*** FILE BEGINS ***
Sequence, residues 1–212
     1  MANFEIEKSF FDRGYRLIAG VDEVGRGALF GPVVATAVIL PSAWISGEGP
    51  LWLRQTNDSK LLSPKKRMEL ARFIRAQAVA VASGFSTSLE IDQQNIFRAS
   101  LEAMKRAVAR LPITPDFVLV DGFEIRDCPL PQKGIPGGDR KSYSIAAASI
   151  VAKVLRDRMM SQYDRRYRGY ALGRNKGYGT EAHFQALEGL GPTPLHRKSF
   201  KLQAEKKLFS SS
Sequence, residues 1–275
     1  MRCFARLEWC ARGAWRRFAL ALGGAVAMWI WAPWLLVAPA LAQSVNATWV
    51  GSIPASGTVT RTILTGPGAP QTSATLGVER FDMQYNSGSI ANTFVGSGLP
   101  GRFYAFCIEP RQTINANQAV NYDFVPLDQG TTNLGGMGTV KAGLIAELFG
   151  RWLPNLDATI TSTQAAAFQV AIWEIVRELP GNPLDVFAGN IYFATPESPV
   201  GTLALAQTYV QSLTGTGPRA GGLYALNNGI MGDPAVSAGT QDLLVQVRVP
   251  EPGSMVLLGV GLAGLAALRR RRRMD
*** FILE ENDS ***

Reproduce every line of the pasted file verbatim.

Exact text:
Sequence, residues 1–212
     1  MANFEIEKSF FDRGYRLIAG VDEVGRGALF GPVVATAVIL PSAWISGEGP
    51  LWLRQTNDSK LLSPKKRMEL ARFIRAQAVA VASGFSTSLE IDQQNIFRAS
   101  LEAMKRAVAR LPITPDFVLV DGFEIRDCPL PQKGIPGGDR KSYSIAAASI
   151  VAKVLRDRMM SQYDRRYRGY ALGRNKGYGT EAHFQALEGL GPTPLHRKSF
   201  KLQAEKKLFS SS
Sequence, residues 1–275
     1  MRCFARLEWC ARGAWRRFAL ALGGAVAMWI WAPWLLVAPA LAQSVNATWV
    51  GSIPASGTVT RTILTGPGAP QTSATLGVER FDMQYNSGSI ANTFVGSGLP
   101  GRFYAFCIEP RQTINANQAV NYDFVPLDQG TTNLGGMGTV KAGLIAELFG
   151  RWLPNLDATI TSTQAAAFQV AIWEIVRELP GNPLDVFAGN IYFATPESPV
   201  GTLALAQTYV QSLTGTGPRA GGLYALNNGI MGDPAVSAGT QDLLVQVRVP
   251  EPGSMVLLGV GLAGLAALRR RRRMD